Organic Consumers Association


Previous Page

Click here to print this page

Make a Donation!


Government Ignoring Likely Hazards of New Genetically Engineered Corn Variety

March 16, 2005


Government probes new corn variety DES MOINES, Iowa (AP) - The government is investigating a new genetically modified corn to determine whether it is safe for humans.

The corn variety, developed by Pioneer Hi-Bred International and Dow AgroSciences, is resistant to rootworm. The seed contains a protein that takes longer than other proteins to break down in humans - a characteristic that can cause allergic reactions.

The investigation comes five years after a recall of StarLink corn, a variety that hadn't been approved for human consumption but was found in taco shells and corn chips.

Doug Gurian-Sherman, a former scientist of the Environmental Protection Agency, said the new corn variety shouldn't be approved.

"At this stage, any kind of reasonably cautious approach would say hold off on their protein until we get data that is more definitive," Gurian-Sherman, who worked on the StarLink issue while at the EPA, said.

He now is a senior scientist with the Center for Food Safety, a group critical of agricultural biotechnology.

The EPA believes the corn is safe, as does the Food and Drug Administration. The EPA has formed a panel of scientific advisers who are meeting this week to look into data provided by Pioneer and Dow.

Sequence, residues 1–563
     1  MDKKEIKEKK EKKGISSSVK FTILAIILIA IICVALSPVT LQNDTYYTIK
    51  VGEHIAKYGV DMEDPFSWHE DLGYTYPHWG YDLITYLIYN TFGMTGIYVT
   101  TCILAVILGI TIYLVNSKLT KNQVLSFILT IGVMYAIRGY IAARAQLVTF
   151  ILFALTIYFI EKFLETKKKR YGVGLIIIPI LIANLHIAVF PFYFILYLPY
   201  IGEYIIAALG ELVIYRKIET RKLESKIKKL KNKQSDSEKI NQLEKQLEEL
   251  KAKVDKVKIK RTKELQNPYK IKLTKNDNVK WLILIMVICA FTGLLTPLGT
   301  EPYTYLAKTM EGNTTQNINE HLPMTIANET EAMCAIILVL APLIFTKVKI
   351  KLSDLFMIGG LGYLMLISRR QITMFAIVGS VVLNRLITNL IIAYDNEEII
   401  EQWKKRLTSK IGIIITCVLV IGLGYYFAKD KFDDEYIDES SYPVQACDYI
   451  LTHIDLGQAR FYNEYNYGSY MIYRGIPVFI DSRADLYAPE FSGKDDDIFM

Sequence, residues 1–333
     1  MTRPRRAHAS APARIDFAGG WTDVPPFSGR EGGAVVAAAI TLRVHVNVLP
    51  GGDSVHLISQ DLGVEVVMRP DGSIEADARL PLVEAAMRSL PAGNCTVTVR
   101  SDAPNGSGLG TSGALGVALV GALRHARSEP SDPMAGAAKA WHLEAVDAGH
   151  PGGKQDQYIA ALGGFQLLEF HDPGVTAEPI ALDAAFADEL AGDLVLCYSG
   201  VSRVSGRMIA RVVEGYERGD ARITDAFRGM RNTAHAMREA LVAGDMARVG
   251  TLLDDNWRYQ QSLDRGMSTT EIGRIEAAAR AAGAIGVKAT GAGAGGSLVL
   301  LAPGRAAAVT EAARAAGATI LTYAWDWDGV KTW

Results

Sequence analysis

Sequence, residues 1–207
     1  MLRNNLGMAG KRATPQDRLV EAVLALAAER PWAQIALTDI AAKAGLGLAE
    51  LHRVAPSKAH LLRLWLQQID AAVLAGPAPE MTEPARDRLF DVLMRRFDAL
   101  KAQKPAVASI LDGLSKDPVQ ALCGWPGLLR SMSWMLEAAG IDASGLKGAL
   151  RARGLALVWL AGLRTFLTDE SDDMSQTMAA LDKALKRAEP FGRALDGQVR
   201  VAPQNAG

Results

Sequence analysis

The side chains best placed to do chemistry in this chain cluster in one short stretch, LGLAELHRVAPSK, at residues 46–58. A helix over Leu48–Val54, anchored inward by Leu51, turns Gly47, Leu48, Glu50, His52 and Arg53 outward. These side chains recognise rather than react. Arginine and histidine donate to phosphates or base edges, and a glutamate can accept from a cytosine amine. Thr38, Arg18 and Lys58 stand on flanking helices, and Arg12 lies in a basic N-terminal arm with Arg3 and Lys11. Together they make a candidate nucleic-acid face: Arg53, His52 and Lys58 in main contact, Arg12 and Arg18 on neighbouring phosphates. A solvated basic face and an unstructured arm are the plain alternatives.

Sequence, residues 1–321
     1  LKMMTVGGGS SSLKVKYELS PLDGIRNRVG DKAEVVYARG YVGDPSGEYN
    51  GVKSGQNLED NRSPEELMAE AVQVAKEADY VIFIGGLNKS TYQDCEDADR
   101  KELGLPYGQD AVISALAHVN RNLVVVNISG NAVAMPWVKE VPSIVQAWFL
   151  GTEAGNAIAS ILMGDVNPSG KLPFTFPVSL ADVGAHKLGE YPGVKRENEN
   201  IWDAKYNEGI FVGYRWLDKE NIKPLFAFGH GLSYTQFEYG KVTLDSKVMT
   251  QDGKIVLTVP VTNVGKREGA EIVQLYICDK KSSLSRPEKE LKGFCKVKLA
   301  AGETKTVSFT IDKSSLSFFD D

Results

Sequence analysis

Officials with Pioneer and Dow say there are critical differences between their corn and StarLink, which the EPA approved for animal feed but not human consumption.

The protein in the Pioneer-Dow seed took up to 30 minutes to break down, compared to 30 seconds to five minutes for most similar proteins. By comparison, the protein in StarLink could take several hours to break down. The Pioneer-Dow product would be the second line of biotech corn that is resistant to rootworm. The EPA approved a Monsanto product that is resistant to rootworm in 2003.

Damage from rootworm costs farmers nationwide about $1 billion a year.

Dave Ahlers, who farms near Flandreau, S.D., said his yields increased by up to 10 bushels an acre with the Monsanto seeds.

"I also like how safe it is to handle, compared to the granular insecticides" that farmers traditionally use, Ahlers wrote the EPA. 3/11/2005